Finding Eigenvectors

1. Dec 10, 2008

roam

1. Find the eigenvalues and the eigenvectors corresponding to eigenvalues of the matrix

A = $$\left[\begin{array}{ccccc} 1 & 3 \\ 4 & 2 \end{array}\right]$$

3. The attempt at a solution

$$(\lambda I - A)$$ = $$\lambda \left[\begin{array}{ccccc} 1 & 0 \\ 0 & 1 \end{array}\right] -$$ $$\left[\begin{array}{ccccc} 1 & 3 \\ 4 & 2 \end{array}\right]$$

$$\left[\begin{array}{ccccc} \lambda - 1 & -3 \\ -4 & \lambda - 2 \end{array}\right]$$ $$\left(\begin{array}{ccc}x\\y\end{ar ray}\right) =$$ $$\left(\begin{array}{ccc}0\\0\end{ar ray}\right)$$

det(λI - A) = 0
=> (λ-1)(λ-2)-12 = 0
λ2-3λ-10=0
(λ+2)(λ-5) = 0
λ = -2, 5

My problem is how to find the eigenspaces corresponding to these eigenvalues.

We have two cases, the first one is when $$\lambda = 5$$. In this case we have the following:

$$\left[\begin{array}{ccccc} 4 & -3 \\ -4 & 3 \end{array}\right]$$ $$\left(\begin{array}{ccc}x\\y\end{ar ray}\right) =$$ $$\left(\begin{array}{ccc}0\\0\end{ar ray}\right)$$

So to find the eigenvectors corresponding to $$\lambda = 5$$, I think I should solve the system

$$\left[\begin{array}{ccccc} 4 & -3 \\ -4 & 3 \end{array}\right]$$

4x-3y = 0 .....(1)
-4x+3y = 0 .....(2)

How can I solve this? I'm not sure how this is done (if I minus (1) from (2) to eliminate x then the y would be eliminated as well).

Thanks.

Roam

2. Dec 10, 2008

Avodyne

Notice that if (x,y) is an eigenvector with a certain eigenvalue, so is (cx,cy), where c is any constant. So you cannot expect to find unique values for x and y, but only their relative value. Either of your equations will do this for you (and, of course, give the same answer).

3. Dec 10, 2008

HallsofIvy

Staff Emeritus

Yes, that's exactly right! If you could solve the two equations for a single value of x and y, then there would be only one possible solution- and x= 0, y= 0 obviously satisfies it. The whole point of an "eigenvalue" is that there exist "non-trivial" (i.e. not x=0, y=0) solutions. And once that is true, there exist an infinite number of solutions: the set of all solutions to such an equation for an eigenvalue forms a subspace, the "eigen space".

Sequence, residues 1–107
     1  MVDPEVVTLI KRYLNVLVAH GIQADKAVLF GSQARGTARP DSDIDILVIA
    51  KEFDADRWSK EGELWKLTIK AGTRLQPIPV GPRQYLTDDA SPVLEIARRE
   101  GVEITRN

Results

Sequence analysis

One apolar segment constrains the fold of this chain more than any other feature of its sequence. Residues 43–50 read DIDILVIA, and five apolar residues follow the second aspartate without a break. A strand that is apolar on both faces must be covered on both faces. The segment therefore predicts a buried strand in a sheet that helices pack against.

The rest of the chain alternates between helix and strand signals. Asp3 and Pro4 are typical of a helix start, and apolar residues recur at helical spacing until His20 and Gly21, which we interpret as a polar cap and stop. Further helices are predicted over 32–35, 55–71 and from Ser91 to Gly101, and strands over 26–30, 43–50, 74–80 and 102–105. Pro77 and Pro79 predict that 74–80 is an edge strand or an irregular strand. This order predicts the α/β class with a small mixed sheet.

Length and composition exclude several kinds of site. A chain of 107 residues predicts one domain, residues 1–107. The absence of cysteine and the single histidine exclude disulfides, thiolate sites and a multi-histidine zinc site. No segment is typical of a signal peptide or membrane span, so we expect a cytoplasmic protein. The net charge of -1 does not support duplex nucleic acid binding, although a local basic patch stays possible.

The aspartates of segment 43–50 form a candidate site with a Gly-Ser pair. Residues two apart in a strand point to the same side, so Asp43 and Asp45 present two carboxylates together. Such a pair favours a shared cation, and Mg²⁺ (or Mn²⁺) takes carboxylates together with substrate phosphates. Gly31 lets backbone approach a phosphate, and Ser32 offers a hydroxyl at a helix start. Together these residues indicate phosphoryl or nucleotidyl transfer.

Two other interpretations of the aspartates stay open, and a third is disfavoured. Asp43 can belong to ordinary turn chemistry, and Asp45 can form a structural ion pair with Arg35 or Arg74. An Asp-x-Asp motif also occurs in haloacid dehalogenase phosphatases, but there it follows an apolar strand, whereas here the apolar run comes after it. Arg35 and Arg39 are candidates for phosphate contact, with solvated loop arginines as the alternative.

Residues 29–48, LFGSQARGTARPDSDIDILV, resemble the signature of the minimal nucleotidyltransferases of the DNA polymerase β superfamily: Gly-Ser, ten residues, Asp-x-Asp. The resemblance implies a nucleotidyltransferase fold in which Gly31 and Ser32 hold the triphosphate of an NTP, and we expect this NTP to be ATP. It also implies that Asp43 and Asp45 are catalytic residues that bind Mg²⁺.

What you can do is solve for one variable in term of the other. Here, for examply 4x= 3y so y= (4/3)x. Any vector of the form (x, (4/3)x) is in the eigenspace. You can also write that as x(1, 4/3) showing that any such vector is a multiple of (1, 4/3): the subspace is of dimension 1 and a basis for it is {(1, 4/3)}. Of course, if you don't like fractions, you could just factor a "3" out of that x and write (x/3)(3, 4). Since x could be any number, so can "x/3" and {(3, 4)} is a basis for the eigenspace corresponding to eigenvalue 5.

Similarly, for eigenvalue -2x you have
$$\left[\begin{array}{cc} 1 & 3 \\ 4 & 2 \end{array}\right]\left[\begin{array}{c} x \\ y \end{array}\right]= left[\begin{array}{c}-2x \\ -2y\end{array}\right]$$
That is the same as x+ 3y= -2x or 3x+ 3y= 0 and 4x+ 2y= -2y or 4x+ 4y= 0. What x and y satisfy that? Again, you cannot solve for specific x or y but you can solve for y in terms of x or viceversa.

4. Dec 11, 2008

roam

.....yes!

4x-3y = 0
-4x+3y = 0

x = 3/4y ( y is free)

x = $$\left(\begin{array}{ccc}x\\y\end{ar ray}\right) =$$ $$\left(\begin{array}{ccc}3/4 y\\y\end{ar ray}\right) =$$ $$y \left(\begin{array}{ccc}3/4\\1\end{ar ray}\right)$$

Ax = λx

Ax = $$\left[\begin{array}{ccccc} 1 & 3 \\ 4 & 2 \end{array}\right]$$ $$\left(\begin{array}{ccc}3/4 y\\y\end{ar ray}\right) =$$ $$5 \left(\begin{array}{ccc}3/4 y\\y\end{ar ray}\right) \Rightarrow$$ $$\left(\begin{array}{ccc}15/4 y\\5 y\end{ar ray}\right)$$

= 5x

(I know how to do the computations for the second case, $$\lambda = -2$$ )

I understand that system (λI-A) = 0 has non-trivial solutions.

Thanks very much for explaining, Best wishes.